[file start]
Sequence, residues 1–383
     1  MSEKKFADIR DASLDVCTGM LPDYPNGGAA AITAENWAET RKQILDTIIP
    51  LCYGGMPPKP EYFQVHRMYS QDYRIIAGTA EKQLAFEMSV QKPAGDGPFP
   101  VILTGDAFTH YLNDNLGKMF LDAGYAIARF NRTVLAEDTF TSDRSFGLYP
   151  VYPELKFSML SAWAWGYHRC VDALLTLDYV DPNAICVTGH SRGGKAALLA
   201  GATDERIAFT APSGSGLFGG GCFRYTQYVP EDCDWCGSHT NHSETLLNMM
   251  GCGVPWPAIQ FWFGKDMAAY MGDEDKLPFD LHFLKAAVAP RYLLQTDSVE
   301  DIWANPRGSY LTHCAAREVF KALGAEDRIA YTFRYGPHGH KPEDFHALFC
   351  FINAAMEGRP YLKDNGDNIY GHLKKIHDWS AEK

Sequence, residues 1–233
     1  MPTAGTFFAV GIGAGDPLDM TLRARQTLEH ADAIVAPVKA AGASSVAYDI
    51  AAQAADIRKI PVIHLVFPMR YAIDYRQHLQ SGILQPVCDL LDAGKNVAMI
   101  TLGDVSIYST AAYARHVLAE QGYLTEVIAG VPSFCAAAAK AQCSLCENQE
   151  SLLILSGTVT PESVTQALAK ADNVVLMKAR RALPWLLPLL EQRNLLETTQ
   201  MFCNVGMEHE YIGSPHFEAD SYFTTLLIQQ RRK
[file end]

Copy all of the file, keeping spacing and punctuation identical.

Sequence, residues 1–383
     1  MSEKKFADIR DASLDVCTGM LPDYPNGGAA AITAENWAET RKQILDTIIP
    51  LCYGGMPPKP EYFQVHRMYS QDYRIIAGTA EKQLAFEMSV QKPAGDGPFP
   101  VILTGDAFTH YLNDNLGKMF LDAGYAIARF NRTVLAEDTF TSDRSFGLYP
   151  VYPELKFSML SAWAWGYHRC VDALLTLDYV DPNAICVTGH SRGGKAALLA
   201  GATDERIAFT APSGSGLFGG GCFRYTQYVP EDCDWCGSHT NHSETLLNMM
   251  GCGVPWPAIQ FWFGKDMAAY MGDEDKLPFD LHFLKAAVAP RYLLQTDSVE
   301  DIWANPRGSY LTHCAAREVF KALGAEDRIA YTFRYGPHGH KPEDFHALFC
   351  FINAAMEGRP YLKDNGDNIY GHLKKIHDWS AEK

Sequence, residues 1–233
     1  MPTAGTFFAV GIGAGDPLDM TLRARQTLEH ADAIVAPVKA AGASSVAYDI
    51  AAQAADIRKI PVIHLVFPMR YAIDYRQHLQ SGILQPVCDL LDAGKNVAMI
   101  TLGDVSIYST AAYARHVLAE QGYLTEVIAG VPSFCAAAAK AQCSLCENQE
   151  SLLILSGTVT PESVTQALAK ADNVVLMKAR RALPWLLPLL EQRNLLETTQ
   201  MFCNVGMEHE YIGSPHFEAD SYFTTLLIQQ RRK